Clark says approximately 500 people per year are taken off the list, but recommends that those in need find a doctor in another region to cover their short-term needs.

Like us on Facebook and follow us on Twitter 

Get local stories you won't find anywhere else right to your inbox.
Sign up here

Just Posted

Patricia Taylor and Debra Strut at the Salvation Army on Friday, Nov. 27, handing out winter boots and gift bags to those in need. Taylor says they'll be back until all her supplies are gone.(Mandy Moraes photo)
Parksville residents distribute gifts and winter boots in Salvation Army parking lot

‘I’m hoping to open the eyes of the community to realize that everybody has value’

Qualicum Beach resident Harold MacDougall won $75,000 off a Casino Royale II Scratch & Win ticket, purchased the ticket at Qualicum Foods on Memorial Avenue. (BCLC photo)
Qualicum Beach man $75K richer thanks to scratch-and-win ticket windfall

MacDougall plans on trips to Cape Breton and Scotland

Regional District of Nanaimo will be receiving $1.17 million from the B.C. government in COVID-19 safe restart grant money. (News Bulletin file)
Regional District of Nanaimo directors getting started on budgeting decisions

Proposed tax requisitions for 2021 range from 7.3-per cent increase to 2.2-per cent decrease

David Darmadi, owner of Kalvas - The Log House restaurant, is offering a sweet initiative for SOS. Guests can bring in a new, unwrapped gift or financial donation for SOS, and receive a free dessert. (Lissa Alexander photo)
Sweet initiative to support Parksville Qualicum Beach residents

‘A lot of our guests are very generous and they want to help out’

Environment Canada has issued a special weather statement forecasting windy weather Sunday and Monday. (News Bulletin file photo)
More windy weather on the way for Vancouver Island

Environment Canada issues special weather statement for Victoria, east coast of Island, north Island

Idyllic winter scenes are part of the atmosphere of the holiday season, and are depicted in many seasonal movies. How much do you know about holiday movies? Put your knowledge to the test. (Pixabay.com)
QUIZ: Test your knowledge of holiday movies and television specials

The festive season is a time for relaxing and enjoying some seasonal favourites

Black Press Media and BraveFace have come together to support children facing life-threatening conditions. Net proceeds from these washable, reusable, three-layer masks go to Make-A-Wish Foundation BC & Yukon.
Put on a BraveFace: Help make children’s wishes come true

Black Press Media, BraveFace host mask fundraiser for Make-A-Wish Foundation

A man walks by a COVID-19 test pod at the Vancouver airport in this undated handout photo. A study has launched to investigate the safest and most efficient way to rapidly test for COVID-19 in people taking off from the Vancouver airport. The airport authority says the study that got underway Friday at WestJet’s domestic check-in area is the first of its kind in Canada. THE CANADIAN PRESS/HO, Vancouver Airport Authority *MANDATORY CREDIT*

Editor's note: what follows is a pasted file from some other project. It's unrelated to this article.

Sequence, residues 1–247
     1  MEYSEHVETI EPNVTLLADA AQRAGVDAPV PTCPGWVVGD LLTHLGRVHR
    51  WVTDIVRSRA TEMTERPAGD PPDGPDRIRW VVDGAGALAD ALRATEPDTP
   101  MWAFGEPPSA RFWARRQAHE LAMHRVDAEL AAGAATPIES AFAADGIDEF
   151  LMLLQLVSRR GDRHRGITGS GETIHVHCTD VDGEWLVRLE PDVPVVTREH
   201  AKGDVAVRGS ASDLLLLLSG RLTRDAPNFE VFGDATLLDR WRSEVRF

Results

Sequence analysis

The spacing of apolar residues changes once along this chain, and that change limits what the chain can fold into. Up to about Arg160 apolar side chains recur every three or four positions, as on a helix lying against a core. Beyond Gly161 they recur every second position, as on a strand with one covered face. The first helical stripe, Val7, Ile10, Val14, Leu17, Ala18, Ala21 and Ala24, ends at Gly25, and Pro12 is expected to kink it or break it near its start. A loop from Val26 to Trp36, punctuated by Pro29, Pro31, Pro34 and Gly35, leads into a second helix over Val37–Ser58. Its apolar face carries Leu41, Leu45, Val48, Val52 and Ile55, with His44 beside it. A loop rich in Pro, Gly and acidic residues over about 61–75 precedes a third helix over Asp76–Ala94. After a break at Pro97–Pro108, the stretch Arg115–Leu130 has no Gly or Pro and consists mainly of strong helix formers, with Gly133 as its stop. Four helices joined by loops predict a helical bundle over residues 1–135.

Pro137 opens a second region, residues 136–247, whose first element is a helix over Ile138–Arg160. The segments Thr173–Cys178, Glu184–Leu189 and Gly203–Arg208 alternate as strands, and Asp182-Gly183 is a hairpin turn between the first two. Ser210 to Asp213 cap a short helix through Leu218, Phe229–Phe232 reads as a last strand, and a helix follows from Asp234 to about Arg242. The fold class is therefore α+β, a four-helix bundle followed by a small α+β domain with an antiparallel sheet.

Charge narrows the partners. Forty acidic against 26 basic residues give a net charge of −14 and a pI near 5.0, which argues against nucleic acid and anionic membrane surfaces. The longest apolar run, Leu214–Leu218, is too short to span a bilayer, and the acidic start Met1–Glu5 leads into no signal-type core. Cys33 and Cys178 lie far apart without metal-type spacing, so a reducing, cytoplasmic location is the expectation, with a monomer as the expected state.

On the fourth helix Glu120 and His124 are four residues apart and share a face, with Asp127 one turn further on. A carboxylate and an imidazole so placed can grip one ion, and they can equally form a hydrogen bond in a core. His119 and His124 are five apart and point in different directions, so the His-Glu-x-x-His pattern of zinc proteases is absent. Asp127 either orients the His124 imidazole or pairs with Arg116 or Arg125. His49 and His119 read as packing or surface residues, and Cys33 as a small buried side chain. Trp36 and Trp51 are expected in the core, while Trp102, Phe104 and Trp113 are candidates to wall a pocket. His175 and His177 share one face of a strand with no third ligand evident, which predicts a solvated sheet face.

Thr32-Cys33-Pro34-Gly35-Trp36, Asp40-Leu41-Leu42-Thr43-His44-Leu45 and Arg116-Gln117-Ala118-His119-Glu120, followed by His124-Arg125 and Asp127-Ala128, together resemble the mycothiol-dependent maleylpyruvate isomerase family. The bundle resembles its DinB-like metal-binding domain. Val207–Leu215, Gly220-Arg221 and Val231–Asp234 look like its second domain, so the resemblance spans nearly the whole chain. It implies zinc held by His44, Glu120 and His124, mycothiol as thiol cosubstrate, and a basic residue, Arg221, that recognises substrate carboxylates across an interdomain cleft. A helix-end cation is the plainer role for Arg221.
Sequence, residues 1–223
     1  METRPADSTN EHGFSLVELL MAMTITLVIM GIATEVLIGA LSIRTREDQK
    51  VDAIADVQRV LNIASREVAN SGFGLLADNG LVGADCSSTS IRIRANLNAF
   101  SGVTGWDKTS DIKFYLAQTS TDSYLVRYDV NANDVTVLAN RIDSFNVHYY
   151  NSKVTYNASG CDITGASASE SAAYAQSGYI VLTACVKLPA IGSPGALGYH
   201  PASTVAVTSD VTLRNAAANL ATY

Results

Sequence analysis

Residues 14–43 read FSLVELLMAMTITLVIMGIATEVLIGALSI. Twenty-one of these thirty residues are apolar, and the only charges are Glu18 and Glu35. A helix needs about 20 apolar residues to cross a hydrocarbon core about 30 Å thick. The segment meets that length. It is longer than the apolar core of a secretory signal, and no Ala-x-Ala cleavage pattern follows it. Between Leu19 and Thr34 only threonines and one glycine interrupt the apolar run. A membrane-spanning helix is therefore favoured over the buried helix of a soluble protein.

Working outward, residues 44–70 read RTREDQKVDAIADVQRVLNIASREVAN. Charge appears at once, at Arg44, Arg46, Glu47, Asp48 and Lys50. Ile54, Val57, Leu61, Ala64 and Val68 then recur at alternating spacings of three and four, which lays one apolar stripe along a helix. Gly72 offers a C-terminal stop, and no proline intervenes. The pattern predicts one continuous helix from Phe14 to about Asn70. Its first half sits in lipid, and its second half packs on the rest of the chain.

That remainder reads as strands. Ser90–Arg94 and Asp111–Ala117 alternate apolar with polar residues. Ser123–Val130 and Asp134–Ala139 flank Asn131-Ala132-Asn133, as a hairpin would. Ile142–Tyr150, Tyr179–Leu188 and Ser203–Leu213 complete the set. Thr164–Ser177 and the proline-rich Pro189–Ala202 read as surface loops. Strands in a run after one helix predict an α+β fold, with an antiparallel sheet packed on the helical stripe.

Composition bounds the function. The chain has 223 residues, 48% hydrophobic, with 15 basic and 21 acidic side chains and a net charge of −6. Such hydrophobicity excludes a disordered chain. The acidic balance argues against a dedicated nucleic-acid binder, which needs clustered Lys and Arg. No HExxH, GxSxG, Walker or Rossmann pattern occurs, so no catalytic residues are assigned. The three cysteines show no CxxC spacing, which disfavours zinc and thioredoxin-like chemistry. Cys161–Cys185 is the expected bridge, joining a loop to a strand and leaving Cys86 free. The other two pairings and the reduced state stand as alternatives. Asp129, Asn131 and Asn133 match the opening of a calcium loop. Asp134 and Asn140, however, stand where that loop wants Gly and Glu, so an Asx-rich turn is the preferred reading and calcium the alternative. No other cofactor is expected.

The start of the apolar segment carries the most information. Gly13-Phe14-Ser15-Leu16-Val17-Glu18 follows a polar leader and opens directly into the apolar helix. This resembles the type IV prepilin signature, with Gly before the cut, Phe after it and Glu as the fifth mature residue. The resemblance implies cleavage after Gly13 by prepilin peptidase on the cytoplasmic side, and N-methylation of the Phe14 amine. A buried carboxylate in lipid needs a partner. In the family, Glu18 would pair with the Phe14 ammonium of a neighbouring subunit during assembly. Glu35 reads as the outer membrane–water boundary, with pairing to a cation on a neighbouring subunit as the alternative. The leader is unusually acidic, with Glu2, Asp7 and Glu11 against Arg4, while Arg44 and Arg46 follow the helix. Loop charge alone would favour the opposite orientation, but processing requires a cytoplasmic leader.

COVID-19 rapid test study launches at Vancouver airport for departing passengers

Airport authority says that a positive rapid test result does not constitute a medical diagnosis for COVID-19

A small crash in the water south of Courtenay Saturday afternoon. Two men had to be rescued, but reports indicate there were no serious injuries. Photo by Mike Chouinard
Small plane crash in Comox Valley waters Saturday afternoon

Two rescued from plane that had flipped in water; no serious injuries reported

Screenshot of Pastor James Butler giving a sermon at Free Grace Baptist Church in Chilliwack on Nov. 22, 2020. The church has decided to continue in-person services despite a public health order banning worship services that was issued on Nov. 19, 2020. (YouTube)
2 Lower Mainland churches continue in-person services despite public health orders

Pastors say faith groups are unfairly targeted and that charter rights protect their decisions

A photo from 2017, of Nuchatlaht First Nation members outside court after filing a land title case in B.C. ( Submitted photo/Nuchatlaht First Nation).
Vancouver Island First Nation calls on B.C. to honour UNDRIP in historic title case

Nuchatlaht First Nation says Crown counsel continues to stall the case using the ‘distasteful’ argument that the Nation ‘abandoned’ their land

West Vancouver Island’s Ehattesaht First Nation continues lock down after 9 active cases were reported today after a visitor tested positive last week. (Ehattesaht First Nation/Facebook)
Ehattesaht First Nation’s COVID-19 nightmare: nine active cases, a storm and a power outage

The Vancouver Island First Nation in a lockdown since the first case was reported last week

114 Canadians were appointed Nov. 27 to the Order of Canada. (Governor General of Canada photo)
Indigenous actor, author, elder, leaders appointed to Order of Canada

Outstanding achievement, community dedication and service recognized

The Ahousaht First Nation confirmed its first case of COVID-19 on Nov. 26, 2020. (Westerly file photo)
Ahousaht First Nation on lockdown over COVID-19

“Emotions are high. The anxiety is high. We want our community to pull through.”

Most Read